In the discussion that followed yesterday's post, Goldie asked the following questions:
how does it work after several dates if you believe in "not broadcasting your uncertainty"? What do you do to prevent it from looking to the other side as "everything was well, then out of the blue he says there's never been any connection"?
These are not easy questions to answer, but I'm all for asking difficult questions, so thank you for that.
Here are a few thoughts. I think we are always broadcasting to some degree - much of it being non-verbal in nature.
One of the reasons I'm often writing about developing your attention skills on this blog is precisely to pick up more of that non-verbal stuff. Because odds are, if you see more of what the other person is actually doing in your presence, then the less likely someone's decision to end the relationship will appear out of the blue. Still, you can miss it. I have in the past. Others have missed my checking out and backing away as well. There's always a chance you'll be totally stunned by someone you're dating one day.
As far as the not broadcasting I spoke about in the last post, it's more about speaking in a manner that crystallizes a situation.
Maybe I'm feeling unclear about what's happening. I like the person I'm with well enough, but am not sure if we are good relationship material. And so, my body language is erratic. Sometimes, I'm open, leaning in, making direct eye contact, touching her arms perhaps. Other times, I have my arms folded, am leaning back, avoiding eye contact, etc. It might also be the case that I'm not as enthusiastic as I might be during conversations or activities, that there's enough holding back that someone who is paying attention might notice it and wonder.
The thing is, some of this kind of behavior can be chalked up to not knowing each other. And if you have any natural shyness or introversion, some of it might just be how you normally operate when any relationship, romantic or otherwise, is new.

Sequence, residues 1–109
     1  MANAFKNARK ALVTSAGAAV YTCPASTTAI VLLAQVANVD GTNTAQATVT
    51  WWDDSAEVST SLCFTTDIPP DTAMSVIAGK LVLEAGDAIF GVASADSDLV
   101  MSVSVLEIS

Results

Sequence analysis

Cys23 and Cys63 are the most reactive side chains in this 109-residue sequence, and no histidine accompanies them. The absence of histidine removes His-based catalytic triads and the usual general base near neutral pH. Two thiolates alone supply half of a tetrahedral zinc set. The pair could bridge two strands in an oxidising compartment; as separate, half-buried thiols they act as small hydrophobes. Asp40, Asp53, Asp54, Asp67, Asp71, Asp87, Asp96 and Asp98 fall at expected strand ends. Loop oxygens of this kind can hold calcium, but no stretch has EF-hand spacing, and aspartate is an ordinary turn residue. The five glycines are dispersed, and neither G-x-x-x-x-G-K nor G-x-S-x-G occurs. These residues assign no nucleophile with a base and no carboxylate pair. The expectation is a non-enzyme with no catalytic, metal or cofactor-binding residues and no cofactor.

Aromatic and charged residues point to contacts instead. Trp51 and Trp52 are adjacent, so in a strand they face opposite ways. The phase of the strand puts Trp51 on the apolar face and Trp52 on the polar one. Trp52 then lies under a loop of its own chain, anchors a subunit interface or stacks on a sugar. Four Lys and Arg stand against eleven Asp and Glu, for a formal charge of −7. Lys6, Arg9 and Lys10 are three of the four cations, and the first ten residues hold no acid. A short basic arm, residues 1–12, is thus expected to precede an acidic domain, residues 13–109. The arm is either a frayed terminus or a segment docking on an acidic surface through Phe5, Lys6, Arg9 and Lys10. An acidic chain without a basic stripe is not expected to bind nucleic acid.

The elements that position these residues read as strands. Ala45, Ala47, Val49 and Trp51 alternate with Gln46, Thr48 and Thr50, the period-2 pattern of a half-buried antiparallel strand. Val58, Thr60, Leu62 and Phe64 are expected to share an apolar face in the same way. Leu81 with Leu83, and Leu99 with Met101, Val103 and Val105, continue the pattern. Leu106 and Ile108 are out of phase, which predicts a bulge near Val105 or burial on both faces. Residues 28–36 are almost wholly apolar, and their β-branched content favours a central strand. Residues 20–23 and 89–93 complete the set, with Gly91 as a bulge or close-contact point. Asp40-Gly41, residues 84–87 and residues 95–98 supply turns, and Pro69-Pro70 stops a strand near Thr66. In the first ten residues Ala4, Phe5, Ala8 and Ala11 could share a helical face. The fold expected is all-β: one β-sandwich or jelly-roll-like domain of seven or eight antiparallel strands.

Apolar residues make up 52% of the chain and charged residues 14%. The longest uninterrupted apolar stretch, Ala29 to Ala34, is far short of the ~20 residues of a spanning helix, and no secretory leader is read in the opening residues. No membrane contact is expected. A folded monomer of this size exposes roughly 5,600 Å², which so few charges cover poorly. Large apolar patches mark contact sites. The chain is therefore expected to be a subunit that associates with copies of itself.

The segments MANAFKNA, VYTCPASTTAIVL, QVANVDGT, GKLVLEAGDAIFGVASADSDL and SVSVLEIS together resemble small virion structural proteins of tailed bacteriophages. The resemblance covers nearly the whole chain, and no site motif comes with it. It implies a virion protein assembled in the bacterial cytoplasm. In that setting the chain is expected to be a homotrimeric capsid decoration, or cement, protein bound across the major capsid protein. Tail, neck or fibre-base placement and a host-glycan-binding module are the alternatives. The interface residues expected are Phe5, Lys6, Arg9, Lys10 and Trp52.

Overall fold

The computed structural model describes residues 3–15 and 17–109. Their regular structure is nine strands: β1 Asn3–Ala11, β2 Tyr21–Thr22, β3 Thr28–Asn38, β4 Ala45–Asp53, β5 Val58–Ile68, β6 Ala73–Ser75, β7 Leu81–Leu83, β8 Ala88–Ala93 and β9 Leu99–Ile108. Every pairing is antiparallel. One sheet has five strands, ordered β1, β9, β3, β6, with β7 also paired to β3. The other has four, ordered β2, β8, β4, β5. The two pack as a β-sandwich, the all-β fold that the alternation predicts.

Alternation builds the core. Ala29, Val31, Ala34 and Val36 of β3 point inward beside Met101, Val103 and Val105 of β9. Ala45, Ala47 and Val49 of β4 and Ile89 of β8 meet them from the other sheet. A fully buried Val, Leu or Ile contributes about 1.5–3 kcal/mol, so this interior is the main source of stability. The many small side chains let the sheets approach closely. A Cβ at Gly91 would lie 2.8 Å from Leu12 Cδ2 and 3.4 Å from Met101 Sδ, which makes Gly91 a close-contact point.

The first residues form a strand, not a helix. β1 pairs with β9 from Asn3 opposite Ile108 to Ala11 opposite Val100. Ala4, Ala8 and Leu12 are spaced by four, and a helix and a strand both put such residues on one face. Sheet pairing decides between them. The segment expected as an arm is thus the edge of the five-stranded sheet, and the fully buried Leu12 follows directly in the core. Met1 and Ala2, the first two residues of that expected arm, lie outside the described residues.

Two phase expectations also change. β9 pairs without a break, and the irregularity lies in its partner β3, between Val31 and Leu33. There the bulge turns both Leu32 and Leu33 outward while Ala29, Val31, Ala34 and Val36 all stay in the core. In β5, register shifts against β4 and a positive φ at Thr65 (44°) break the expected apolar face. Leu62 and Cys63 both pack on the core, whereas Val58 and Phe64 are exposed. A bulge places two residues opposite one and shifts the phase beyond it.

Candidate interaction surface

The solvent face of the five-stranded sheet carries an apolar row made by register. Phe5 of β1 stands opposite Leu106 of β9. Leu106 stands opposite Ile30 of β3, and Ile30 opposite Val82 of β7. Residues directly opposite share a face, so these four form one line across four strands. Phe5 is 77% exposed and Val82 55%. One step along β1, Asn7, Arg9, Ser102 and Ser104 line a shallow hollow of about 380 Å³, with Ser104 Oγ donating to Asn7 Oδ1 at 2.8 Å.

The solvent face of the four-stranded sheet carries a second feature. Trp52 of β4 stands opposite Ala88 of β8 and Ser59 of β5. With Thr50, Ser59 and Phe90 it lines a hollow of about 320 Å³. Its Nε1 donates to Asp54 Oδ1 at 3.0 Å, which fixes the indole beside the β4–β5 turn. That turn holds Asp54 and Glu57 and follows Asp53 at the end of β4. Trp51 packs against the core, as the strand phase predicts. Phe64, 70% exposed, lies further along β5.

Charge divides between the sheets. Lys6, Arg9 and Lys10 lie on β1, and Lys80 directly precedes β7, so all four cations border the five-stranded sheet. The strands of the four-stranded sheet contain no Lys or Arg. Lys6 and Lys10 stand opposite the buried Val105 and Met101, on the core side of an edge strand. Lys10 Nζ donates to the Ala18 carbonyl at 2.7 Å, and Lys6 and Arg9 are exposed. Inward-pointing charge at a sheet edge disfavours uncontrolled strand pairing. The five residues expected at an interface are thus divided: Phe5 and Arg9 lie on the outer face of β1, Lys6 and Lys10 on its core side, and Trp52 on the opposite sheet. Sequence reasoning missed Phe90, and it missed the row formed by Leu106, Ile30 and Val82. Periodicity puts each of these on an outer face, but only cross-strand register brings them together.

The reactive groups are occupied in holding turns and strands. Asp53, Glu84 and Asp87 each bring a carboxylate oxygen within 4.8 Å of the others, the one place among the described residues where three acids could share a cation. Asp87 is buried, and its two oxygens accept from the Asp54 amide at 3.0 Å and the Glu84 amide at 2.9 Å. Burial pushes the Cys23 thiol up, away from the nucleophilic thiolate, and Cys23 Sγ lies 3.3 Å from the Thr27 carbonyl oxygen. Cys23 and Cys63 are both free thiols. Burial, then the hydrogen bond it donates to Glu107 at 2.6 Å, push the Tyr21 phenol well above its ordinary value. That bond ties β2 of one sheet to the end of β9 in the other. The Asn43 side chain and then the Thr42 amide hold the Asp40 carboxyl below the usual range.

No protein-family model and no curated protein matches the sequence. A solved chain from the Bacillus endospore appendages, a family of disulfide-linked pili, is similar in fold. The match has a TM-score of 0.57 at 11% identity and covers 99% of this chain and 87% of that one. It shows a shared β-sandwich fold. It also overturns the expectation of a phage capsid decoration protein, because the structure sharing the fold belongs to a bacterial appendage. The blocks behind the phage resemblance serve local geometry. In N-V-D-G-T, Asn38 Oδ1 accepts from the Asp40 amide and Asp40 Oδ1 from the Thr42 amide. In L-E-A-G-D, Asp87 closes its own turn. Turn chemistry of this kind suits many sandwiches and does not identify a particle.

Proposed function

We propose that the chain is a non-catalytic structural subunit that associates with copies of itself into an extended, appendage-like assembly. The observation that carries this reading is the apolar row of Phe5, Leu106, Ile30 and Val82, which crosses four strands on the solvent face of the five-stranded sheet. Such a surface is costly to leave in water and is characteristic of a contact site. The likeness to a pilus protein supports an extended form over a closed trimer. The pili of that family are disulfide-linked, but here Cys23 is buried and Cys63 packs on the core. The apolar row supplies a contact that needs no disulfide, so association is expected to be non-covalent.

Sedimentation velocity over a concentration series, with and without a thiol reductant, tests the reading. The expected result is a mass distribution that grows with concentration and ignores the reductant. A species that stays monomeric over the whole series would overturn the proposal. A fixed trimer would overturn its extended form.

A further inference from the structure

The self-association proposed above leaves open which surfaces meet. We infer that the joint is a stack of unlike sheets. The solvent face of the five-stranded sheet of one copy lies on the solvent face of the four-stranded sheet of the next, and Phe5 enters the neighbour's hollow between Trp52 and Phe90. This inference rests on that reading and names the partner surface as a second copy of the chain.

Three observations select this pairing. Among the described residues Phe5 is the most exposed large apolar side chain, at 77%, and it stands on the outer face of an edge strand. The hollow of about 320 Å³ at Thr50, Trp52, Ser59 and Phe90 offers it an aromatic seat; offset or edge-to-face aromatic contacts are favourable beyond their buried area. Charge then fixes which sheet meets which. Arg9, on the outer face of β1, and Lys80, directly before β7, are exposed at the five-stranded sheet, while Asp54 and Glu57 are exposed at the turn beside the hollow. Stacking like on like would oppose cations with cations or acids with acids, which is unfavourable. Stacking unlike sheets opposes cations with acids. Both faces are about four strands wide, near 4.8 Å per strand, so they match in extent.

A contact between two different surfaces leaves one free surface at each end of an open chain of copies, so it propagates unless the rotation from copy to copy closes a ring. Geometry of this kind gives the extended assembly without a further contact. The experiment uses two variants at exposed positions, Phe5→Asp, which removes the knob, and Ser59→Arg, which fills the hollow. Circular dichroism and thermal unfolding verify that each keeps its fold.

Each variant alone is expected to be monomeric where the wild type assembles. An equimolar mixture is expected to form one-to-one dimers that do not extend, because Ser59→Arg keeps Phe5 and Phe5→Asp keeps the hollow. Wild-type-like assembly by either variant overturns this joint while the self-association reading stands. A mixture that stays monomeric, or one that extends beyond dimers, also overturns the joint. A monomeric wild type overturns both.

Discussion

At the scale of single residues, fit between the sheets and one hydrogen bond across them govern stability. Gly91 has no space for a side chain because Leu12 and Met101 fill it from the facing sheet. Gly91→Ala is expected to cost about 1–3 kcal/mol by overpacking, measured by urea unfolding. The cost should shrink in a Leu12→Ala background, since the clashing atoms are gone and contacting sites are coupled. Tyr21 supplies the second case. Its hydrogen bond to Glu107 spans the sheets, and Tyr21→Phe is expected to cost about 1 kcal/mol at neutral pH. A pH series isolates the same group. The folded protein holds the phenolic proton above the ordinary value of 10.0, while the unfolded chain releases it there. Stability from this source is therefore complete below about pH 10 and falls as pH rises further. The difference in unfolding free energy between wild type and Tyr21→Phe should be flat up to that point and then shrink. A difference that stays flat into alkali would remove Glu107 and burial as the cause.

We tend to underestimate the power that labels can have upon us. Once you place a definitive label on whatever is happening, it can be difficult to change it. In other words, if I say "I don't feel an emotional connection with you" today, even if something happens to change that feeling tomorrow or a month from now, the other person will probably remember what I said today - and have a hard time fully letting it go.
It's kind of like when people get a diagnosis from a doctor. Even if the doctor comes back later and says they made a mistake, the original diagnosis is often difficult to let go of. The body starts to heal, but the mind might still be worrying about the possibility that illness X could be present long afterwards. Which makes it more difficult to heal and become healthy again.
So, I guess I'm trying to advocate for less rushing to make definite statements that doom a relationship. And to figure out ways to be more comfortable with uncertainty.
But Goldie's questions point to the other side of the coin - which is figuring out ways to maintain honesty with each other. Which is important to me as well.
If the person you are dating asks you what you think about things, one way to deal with uncertainty is to say something like "I'm not sure what's happening between us yet, but I want to spend more time with you." Some people might be ok with this kind of thing, while others might take it as a weak form of rejection.
Another way could be to say you don't want to rush into labeling what's happening. The tricky part with something like this is that it runs dangerous close to the kind of talk players and non-committers use to keep people around.
Overall, I think that any communication expressing uncertainty in the early stages of dating someone should be peppered with some comments about the person's positive traits. You might say "I don't know what's happening yet, but I really like that you are smart and kind, and want to spend more time with you."
Those are my thoughts today. What are yours?
*Image - Michelangelo's "Last Judgment"
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